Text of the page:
Thursday, March 26, 2020

Review: Psycho (and Psychic) Games

I've already reviewed Amie Gibbons' Psychic Undercover (with the Undead), a law enforcement UF novel that really makes Laurell K. Hamilton look like an amateur (okay, LKH does guns better, but since LKH has even managed to make Edward a useless character, I'm not feeling charitable).

And now, we have Psycho (and Psychic) Games (The SDF Paranormal Mysteries Book 2)

Psycho (and Psychic) Games is ... 

Well, let's just say this is what happens when southerners make a Hannibal Lecter.

And they thought catching the serial killer was difficult...

Psychic Ariana Ryder just completed her probationary year and is now a full agent in the FBI's Special Division Force, a semi-secret branch that investigates paranormal crimes. She's got a great, if strict and strictly yummy, boss, a vampire for a boyfriend, and yeah, that has its issues and politics, but overall, life's lookin' pretty good.

The director, in a bid to score political points, puts Ariana on interrogating famous serial killer JB Truck, aka The Puzzle Master. Truck's been in prison two years and the authorities still can't figure out who all his victims were or where his vast resources came from.

Ariana's mission is simple, get visions off the psycho until they get the information they need.

But nothing's ever simple when there's magic afoot. The vampire queen's gunning for Ariana, there's a mysterious new shifter in town who needs a psychic's help (and is way too flirty considerin' she's a lady with a boyfriend), and Truck's got a few tricks of his own.

And he didn't end up in Nashville by chance.

Frankly, this book already has a very nice summation of the novel.
"This isn't Silence of the Lambs, it's freaking Nightmare on Elm Street."
I think this sums it up nicely.

I would say that this is as good as the first novel, though there are some minor issues. You don't "sick people" on others. There were one or two moments where I was concerned we were going to enter into squicky Anita Blake BS. Don't worry: while the sex did get heavier into detail, it's still better (and easier to skip) than the Hamilton books. In fact, it's more like how I with Hamilton would write her books. Maybe I could get back into them.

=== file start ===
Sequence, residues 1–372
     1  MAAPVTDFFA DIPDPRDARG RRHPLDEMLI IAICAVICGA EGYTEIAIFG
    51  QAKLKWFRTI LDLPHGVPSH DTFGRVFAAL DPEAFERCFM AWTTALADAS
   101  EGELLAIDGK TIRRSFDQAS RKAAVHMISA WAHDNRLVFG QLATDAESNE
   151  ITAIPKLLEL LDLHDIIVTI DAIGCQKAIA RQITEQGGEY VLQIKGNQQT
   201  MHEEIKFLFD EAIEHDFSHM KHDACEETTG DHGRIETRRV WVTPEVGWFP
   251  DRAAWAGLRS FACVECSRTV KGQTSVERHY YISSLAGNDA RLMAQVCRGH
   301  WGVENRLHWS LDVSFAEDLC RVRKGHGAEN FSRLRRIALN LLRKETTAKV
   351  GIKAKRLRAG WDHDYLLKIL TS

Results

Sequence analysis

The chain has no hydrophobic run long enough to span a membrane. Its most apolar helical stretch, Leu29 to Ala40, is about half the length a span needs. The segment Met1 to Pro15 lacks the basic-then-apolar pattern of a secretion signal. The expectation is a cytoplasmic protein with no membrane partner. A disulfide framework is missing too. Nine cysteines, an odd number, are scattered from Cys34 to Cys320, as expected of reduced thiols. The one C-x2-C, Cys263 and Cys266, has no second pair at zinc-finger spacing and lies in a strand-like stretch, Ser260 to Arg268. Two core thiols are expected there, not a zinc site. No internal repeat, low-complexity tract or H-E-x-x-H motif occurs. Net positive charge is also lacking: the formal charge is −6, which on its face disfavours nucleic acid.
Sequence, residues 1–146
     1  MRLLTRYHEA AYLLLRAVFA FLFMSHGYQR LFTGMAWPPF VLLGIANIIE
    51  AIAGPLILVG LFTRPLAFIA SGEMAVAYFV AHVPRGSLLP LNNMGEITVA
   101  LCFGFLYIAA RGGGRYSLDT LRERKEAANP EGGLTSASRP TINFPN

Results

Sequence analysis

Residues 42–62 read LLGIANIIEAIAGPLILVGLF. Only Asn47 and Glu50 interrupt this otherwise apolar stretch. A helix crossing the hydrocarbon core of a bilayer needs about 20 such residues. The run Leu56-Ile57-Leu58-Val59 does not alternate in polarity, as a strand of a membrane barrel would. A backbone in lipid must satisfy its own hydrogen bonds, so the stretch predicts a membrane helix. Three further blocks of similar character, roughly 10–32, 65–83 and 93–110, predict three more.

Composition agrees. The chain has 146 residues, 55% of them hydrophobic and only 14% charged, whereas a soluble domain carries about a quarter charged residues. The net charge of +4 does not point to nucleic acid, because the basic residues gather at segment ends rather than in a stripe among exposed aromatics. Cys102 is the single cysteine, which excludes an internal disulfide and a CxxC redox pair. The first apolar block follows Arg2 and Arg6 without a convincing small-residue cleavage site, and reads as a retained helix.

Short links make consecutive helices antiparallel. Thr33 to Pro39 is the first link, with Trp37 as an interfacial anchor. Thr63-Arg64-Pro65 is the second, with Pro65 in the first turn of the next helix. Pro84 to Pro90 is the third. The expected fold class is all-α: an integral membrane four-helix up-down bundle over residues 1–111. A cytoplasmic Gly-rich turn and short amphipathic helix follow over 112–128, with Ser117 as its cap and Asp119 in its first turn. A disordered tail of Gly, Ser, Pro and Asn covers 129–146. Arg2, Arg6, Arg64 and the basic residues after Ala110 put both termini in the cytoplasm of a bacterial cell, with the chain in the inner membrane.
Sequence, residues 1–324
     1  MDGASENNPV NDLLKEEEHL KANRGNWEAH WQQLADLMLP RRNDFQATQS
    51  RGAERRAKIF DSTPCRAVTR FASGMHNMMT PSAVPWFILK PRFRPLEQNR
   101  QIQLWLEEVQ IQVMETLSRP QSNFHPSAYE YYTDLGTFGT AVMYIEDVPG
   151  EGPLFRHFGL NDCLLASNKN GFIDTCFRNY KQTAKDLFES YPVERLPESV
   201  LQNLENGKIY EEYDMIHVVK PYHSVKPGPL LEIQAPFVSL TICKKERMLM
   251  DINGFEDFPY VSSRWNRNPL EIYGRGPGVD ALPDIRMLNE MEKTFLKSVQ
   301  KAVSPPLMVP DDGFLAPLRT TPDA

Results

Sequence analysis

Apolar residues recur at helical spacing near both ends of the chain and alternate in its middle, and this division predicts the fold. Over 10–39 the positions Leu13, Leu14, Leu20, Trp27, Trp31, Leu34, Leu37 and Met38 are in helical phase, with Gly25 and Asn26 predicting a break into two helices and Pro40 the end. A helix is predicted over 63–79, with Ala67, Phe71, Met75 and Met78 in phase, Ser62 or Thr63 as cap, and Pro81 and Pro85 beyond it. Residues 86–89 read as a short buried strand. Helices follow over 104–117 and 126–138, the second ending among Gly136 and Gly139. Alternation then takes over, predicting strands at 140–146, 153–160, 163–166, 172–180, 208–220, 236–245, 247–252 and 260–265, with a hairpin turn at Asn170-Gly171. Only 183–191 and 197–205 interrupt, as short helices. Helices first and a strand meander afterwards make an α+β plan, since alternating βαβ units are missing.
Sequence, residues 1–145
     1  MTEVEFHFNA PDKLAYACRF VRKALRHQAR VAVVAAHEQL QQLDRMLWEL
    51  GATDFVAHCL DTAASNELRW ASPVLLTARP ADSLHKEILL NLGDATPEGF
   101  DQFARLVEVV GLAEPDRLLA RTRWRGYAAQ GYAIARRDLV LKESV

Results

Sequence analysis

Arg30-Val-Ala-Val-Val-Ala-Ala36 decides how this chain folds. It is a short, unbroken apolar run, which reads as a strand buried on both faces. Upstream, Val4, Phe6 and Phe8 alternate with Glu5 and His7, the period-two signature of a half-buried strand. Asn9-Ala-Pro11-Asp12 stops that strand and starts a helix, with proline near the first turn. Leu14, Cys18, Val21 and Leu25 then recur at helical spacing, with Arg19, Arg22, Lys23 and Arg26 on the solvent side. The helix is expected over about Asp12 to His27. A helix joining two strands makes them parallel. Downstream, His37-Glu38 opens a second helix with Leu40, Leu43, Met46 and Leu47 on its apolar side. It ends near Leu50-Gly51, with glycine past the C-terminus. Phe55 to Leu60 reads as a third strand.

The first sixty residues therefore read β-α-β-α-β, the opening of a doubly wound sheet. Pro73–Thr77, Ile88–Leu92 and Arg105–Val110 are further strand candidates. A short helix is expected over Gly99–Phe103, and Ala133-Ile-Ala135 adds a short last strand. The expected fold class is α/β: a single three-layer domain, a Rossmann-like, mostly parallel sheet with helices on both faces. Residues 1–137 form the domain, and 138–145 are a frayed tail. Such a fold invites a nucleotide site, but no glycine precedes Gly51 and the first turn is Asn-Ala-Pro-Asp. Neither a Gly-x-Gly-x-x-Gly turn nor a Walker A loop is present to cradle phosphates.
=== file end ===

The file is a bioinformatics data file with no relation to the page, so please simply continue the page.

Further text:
But as I said, this was is just as good as Gibbons' first novel in the series. It has elements of fantasy microbiology (which was my favorite parts of Grimm, and I would like to see more of that in fantasy in the genre in general).

And Gibbons' does some cute bits of business with the psychopath du jour. There was a good deal of 3D chess going on that reminded me of the Joker. And then he turns into Deadpool (from before he became a popular character)

This one even solved a lot of my problems with the first one. Because this was the book where our heroine is a full agent, and it was time for her to just grow the hell up.

And then she ends by setting up book three.

I've only got one noticeable problem with the series in general so far and this individual book in particular.

With the book, it's a bit unbalanced. About 75% deals with the serial killer. Then we have a break and we switch tracks, where it turns into a relatively good variation on an Anita Blake novel (a bit of soap opera, a touch of melodrama, and let's talk about feelings -- though that was in service of actually FURTHERING THE PLOT, so it gets a pass).

With the series. I don't have a really good sense of place. This is something that is occasionally a problem with even Jim Butcher. I don't get a sense that this is Nashville. I like to get an idea of where the heck I am. But aside from some of the accents, this could be almost any city and state in the union.

To be perfectly honest, this is still a 5/5. The problems in the book are easily overlooked and forgiven. If I were being more nitpicky, I'd penalize the overall score. But I'm not. And the book was still enjoyable.

So if you're interested into a nice mystery, something that harkens back to the days before Anita Blake before it became Penthouse letters, you're going to want to read this one.

No comments:

Post a Comment

Please, by all means, leave a message below. I welcome any and all comments. However, language that could not make it to network television will result in your comment being deleted. I don';t like saying it, but prior events have shown me that I need to. Thanks.